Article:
When I arrived some of the residents were already seated in the dining room.  The tables were set with white linen tablecloths, and fresh flowers, beautiful china teacups and teapots, and tiered servers laden with yummy tea food graced the tables.

The chef made Earl Grey cupcakes from the New York Times teacake recipe I served when I had Debbie over.

When Debbie introduced me she read my 'tea journey' from my blog post of June 2012, when I first started blogging.  It was fun to refresh my memory as I hadn't read that post in a very long time.  I'm just as passionate and enthusiastic about tea now as I was nine years ago - maybe even more as I've learned about and experienced its many attributes and benefits.

Debbie said it was the first 'real' event since the COVID-19 pandemic broke out almost a year ago.  She was so happy the first activity was a tea event.

The residents were all engaged and responded enthusiastically to questions and comments at the end of my talk.  They mentioned the various brands of tea bags they remembered being available on grocery store shelves in times past, besides Lipton's.  What brands of tea bags do you remember from days gone by?  So many new brands and varieties of tea are available today.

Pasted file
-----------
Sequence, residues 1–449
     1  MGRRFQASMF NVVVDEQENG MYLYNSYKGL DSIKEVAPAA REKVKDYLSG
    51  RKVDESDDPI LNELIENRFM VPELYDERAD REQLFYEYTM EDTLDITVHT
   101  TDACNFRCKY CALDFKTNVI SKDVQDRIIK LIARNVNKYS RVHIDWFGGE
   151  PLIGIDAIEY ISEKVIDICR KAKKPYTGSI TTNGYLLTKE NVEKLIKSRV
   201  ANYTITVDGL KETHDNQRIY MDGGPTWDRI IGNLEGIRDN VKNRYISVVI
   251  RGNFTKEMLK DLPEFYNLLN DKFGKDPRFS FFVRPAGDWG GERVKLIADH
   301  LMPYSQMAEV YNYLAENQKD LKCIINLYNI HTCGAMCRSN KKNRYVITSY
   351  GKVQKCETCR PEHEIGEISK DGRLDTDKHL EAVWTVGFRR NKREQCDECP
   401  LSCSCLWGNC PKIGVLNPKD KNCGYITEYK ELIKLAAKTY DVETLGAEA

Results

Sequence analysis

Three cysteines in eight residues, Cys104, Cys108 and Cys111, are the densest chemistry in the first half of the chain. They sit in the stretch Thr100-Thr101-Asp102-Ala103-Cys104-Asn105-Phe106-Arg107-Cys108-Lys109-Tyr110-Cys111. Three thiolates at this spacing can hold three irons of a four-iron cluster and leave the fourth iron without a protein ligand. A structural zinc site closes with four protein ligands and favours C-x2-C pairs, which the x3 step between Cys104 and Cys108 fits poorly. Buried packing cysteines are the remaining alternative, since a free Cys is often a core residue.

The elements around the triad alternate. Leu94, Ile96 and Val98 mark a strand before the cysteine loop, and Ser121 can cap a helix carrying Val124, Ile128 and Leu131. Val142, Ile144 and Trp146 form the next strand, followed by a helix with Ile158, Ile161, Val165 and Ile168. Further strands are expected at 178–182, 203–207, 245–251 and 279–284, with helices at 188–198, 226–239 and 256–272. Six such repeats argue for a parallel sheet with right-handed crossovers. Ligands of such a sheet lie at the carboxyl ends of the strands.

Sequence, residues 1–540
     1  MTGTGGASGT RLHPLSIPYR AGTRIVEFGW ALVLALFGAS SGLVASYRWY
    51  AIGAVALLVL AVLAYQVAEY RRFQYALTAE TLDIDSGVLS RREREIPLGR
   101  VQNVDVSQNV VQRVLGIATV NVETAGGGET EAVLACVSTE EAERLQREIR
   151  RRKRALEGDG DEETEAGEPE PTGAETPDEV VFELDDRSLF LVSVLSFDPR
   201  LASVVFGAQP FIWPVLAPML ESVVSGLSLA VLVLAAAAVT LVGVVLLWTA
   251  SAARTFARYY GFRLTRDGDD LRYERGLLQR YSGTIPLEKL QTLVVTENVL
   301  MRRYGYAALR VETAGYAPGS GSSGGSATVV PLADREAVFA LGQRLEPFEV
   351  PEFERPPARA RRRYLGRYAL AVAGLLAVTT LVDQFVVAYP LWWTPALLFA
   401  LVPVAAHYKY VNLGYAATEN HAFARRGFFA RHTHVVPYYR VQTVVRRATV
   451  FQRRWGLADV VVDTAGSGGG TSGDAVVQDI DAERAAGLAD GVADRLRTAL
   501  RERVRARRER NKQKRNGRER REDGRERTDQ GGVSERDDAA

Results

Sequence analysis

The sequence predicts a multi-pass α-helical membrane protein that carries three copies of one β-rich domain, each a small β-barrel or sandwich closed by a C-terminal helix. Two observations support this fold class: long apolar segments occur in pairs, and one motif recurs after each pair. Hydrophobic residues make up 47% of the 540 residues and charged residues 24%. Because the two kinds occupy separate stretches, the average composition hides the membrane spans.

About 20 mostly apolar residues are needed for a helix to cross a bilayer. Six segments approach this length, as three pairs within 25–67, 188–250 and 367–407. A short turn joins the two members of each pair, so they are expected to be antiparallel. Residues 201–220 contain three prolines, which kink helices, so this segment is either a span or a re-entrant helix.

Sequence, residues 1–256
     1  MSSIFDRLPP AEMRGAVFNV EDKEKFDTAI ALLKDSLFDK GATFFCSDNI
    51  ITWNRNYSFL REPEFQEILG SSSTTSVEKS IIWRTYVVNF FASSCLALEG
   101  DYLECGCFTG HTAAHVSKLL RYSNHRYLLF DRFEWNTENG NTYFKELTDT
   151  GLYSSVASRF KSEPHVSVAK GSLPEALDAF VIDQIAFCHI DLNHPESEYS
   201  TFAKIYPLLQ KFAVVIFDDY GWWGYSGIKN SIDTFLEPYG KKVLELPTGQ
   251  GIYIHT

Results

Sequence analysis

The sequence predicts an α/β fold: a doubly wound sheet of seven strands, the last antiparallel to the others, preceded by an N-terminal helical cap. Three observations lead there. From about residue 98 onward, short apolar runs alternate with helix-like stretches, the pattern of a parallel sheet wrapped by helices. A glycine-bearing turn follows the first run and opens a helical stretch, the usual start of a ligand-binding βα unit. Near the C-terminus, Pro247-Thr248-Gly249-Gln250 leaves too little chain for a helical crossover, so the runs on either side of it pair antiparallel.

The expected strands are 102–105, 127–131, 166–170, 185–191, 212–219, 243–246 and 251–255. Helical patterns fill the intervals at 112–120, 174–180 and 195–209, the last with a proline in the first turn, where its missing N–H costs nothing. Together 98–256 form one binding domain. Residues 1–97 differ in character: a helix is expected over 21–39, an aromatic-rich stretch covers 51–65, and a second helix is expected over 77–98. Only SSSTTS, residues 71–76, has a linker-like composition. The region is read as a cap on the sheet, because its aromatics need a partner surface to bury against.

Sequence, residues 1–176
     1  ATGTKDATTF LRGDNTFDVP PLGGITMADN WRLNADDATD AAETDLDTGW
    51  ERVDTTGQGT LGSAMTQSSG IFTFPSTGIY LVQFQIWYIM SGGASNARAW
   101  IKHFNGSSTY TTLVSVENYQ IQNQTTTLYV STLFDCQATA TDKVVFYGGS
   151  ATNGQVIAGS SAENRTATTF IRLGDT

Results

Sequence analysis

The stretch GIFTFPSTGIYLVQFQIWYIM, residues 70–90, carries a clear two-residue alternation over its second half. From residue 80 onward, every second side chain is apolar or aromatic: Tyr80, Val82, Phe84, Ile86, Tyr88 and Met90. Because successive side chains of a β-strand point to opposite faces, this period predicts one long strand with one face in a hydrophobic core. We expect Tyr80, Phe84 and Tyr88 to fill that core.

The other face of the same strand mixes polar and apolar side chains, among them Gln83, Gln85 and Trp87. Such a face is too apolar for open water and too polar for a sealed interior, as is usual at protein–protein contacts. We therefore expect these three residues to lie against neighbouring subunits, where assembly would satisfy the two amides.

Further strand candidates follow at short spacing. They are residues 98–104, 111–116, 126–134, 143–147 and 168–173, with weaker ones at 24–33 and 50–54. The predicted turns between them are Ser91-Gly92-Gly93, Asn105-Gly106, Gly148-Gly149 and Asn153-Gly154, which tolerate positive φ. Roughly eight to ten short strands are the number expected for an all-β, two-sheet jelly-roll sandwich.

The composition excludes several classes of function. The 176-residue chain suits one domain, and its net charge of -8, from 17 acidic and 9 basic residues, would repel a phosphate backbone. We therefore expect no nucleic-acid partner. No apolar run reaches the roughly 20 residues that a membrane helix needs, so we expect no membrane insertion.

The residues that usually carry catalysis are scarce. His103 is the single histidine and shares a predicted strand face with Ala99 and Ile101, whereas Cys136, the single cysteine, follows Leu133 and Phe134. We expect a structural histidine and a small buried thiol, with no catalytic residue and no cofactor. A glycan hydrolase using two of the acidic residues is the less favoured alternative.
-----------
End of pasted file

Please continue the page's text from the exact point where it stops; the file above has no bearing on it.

As you can see by the smiles on their faces, the residents were happy for the tea event too.

There were 8 or 9 tables set up for tea time.  Before I began speaking I passed out tea quotes for them to read at the end of my talk as another means of participation.

Below is one of the sweet residents who came to talk to Debbie and me after the program.  She is a tea drinker and told us about her collection of Royal Albert Petit Point China.